Equality? No thanks. Women at the University of Technology Sydney (UTS) will be able to enter engineering and construction degrees with a lower score on an admissions test than their male counterparts.
The Sydney Morning Herald reported that UTS will allow women to enter engineering and construction degrees with a lower score on the Australian Tertiary Admission Rank (ATAR) than male students. Women can score 10 points lower than men and still be admitted into the degree programs.
As the Herald reported, many universities in the country “allocate adjustment points based on disadvantage or illness,” but UTS appears to be the first one to make the adjustment based on gender. As one can guess, the move to lower the entry bar for women is being done in an effort to get more women into engineering.
Dr. Arti Agarwal, director of women in engineering and IT at UTS, told the Herald that admitting women into the programs — even with lower entrance scores — would make the world a better place.
“Lots of research has shown that teams are more productive when they are gender balanced. They come up with better ideas and better solutions," she told the outlet. No such research was cited.
"We (women) ride in cars, we use public transport, we do all kinds of things," she added. "If they are only being designed and engineered by one gender, then the requirements and needs of the other gender can get missed a bit."
Because women weren’t entering certain engineering degrees, such as mechanics and mechatronics, according to the Herald, the entry bar needed to be lowered. Just 4% of participants in the stated programs were women.
Agarwal told the Herald that the lower bar for women was expected to increase female participation in the programs by 10%. She also emphasized that even though the entry bar was lowered, women would still have to complete the programs just as men do.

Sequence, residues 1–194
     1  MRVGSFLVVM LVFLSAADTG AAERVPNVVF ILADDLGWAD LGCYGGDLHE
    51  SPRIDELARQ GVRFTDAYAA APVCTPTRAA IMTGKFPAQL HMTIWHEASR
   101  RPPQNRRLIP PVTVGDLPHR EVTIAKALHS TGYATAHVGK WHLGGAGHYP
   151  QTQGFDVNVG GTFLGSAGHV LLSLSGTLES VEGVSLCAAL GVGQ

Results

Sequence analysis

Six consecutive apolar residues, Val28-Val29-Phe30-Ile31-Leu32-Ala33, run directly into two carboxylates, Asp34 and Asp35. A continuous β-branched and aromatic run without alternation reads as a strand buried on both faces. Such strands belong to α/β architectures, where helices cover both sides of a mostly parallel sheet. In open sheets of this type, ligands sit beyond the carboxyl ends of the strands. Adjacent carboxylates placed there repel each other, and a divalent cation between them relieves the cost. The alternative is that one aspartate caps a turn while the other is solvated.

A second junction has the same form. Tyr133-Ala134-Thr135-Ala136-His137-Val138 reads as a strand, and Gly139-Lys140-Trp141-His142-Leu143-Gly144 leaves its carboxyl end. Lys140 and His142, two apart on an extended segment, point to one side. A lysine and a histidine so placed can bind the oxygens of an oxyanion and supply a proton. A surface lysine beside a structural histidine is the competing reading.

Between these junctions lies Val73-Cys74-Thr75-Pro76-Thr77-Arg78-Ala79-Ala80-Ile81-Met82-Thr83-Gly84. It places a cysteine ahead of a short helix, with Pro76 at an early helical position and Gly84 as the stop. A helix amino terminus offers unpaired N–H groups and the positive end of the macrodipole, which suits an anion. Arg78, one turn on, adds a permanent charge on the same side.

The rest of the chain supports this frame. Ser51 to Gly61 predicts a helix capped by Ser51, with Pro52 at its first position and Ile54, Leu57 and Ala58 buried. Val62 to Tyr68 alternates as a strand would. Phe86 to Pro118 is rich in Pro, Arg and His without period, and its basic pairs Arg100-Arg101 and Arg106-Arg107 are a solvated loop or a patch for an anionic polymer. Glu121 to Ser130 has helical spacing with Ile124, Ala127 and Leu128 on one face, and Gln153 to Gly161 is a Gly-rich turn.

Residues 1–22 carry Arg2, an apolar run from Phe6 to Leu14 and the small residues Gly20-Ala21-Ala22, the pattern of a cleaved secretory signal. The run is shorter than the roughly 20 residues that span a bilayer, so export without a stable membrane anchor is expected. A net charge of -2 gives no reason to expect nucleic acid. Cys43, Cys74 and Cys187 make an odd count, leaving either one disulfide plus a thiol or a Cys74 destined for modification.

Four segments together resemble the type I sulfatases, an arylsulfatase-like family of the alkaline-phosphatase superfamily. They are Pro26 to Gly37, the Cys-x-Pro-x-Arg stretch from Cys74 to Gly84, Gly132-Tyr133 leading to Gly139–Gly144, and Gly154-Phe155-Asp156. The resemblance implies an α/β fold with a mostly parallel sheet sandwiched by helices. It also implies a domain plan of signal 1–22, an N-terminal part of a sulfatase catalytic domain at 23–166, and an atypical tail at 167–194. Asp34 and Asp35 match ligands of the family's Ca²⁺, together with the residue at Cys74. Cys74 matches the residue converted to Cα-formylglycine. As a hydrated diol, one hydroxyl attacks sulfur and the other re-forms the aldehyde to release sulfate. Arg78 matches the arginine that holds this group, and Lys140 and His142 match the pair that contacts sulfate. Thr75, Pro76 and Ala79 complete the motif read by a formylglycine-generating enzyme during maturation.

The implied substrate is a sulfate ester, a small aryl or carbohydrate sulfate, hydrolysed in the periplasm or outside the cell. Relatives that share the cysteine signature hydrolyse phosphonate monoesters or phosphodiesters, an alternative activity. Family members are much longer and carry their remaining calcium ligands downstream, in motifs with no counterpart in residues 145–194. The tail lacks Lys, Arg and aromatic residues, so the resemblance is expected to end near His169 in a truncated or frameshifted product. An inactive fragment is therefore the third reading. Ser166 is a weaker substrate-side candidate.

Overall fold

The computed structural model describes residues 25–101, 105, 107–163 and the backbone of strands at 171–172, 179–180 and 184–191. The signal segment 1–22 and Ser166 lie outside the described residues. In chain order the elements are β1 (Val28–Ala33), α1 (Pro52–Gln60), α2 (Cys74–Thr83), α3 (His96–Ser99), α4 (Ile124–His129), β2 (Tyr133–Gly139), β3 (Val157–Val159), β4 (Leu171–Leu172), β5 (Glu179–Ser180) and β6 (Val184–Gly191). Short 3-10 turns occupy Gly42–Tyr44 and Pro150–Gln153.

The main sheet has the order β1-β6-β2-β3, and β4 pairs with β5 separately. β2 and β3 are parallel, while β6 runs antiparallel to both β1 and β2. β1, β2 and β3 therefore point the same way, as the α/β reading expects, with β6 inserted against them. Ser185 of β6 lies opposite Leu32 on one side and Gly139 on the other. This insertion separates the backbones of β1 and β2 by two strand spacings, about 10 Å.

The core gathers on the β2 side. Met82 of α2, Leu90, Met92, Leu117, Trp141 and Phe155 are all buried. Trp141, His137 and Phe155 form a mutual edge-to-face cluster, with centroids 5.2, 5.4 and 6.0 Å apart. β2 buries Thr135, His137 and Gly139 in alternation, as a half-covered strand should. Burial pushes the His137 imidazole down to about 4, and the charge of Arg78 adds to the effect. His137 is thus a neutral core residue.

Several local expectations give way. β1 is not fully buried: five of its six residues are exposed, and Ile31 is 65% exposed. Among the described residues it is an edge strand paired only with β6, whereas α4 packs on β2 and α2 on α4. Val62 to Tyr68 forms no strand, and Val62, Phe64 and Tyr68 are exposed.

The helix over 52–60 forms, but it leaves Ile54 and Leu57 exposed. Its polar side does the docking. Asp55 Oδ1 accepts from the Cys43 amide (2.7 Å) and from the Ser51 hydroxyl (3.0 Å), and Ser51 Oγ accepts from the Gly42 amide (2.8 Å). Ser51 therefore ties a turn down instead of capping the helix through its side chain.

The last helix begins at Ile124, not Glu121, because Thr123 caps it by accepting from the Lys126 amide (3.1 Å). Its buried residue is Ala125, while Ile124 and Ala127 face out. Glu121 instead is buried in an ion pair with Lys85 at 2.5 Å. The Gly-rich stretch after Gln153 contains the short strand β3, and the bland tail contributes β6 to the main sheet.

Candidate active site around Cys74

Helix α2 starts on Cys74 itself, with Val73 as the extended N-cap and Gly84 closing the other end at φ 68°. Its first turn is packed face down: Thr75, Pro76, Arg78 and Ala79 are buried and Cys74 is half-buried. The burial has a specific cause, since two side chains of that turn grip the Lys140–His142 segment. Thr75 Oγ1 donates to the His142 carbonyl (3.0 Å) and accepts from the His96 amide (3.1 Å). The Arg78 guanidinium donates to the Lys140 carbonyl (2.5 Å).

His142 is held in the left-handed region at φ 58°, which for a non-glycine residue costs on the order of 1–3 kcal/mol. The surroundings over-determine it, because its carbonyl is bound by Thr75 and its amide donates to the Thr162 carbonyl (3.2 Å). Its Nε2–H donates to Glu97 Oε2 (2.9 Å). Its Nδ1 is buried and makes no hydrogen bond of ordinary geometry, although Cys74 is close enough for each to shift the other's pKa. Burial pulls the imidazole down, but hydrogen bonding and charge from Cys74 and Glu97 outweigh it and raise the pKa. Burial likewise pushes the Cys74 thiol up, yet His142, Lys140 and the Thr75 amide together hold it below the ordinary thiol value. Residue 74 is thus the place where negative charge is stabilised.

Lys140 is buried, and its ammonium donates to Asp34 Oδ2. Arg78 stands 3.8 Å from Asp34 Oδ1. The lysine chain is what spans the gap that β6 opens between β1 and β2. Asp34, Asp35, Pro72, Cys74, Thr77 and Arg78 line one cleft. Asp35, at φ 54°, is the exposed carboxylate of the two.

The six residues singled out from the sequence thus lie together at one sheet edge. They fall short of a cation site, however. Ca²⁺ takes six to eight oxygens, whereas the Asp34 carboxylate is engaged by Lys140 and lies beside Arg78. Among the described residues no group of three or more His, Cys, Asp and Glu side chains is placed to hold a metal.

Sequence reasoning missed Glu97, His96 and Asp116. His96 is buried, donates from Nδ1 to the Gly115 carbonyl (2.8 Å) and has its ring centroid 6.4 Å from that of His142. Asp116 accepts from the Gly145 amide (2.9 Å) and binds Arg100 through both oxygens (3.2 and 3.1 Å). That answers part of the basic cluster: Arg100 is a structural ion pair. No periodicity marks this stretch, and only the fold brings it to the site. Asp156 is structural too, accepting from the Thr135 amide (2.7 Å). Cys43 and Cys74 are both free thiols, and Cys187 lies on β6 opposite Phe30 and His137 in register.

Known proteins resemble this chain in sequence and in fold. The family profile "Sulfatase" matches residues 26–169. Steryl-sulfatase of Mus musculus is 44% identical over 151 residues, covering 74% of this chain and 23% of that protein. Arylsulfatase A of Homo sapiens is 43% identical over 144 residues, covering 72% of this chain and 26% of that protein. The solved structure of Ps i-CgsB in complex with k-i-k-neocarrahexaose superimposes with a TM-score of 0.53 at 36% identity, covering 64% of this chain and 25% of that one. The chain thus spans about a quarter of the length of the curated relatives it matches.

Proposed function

"The decision would not lower the quality of the graduates," she told the outlet. "I really cannot stress this enough - we are not taking people who don't deserve to be here.”
If women require a lower score to get into the programs, however, it would only be a matter of time before program standards are lowered for them as well. Once women struggle to complete the degree, will the university accept that women generally just aren’t that interested in STEM fields?
One female engineering student insisted to the Herald that the lower acceptance score was not a “handout” but “a hand up.”
“I hope it does [act as an incentive]. They will still be able to prove themselves throughout the degree by doing just as well, if not better," she told the outlet.
Andrew Norton, director of higher education at the Grattan Institute — an Australian public policy think tank — told the outlet that women leave STEM fields because of the male-dominated workplaces.
“It's a very male-dominated workplace, and work we did recently showed that even when women have the qualification they don't work in the area because of the nature of the workplace," he told the Herald.
Women also leave STEM fields to focus more on their families, or for less demanding careers.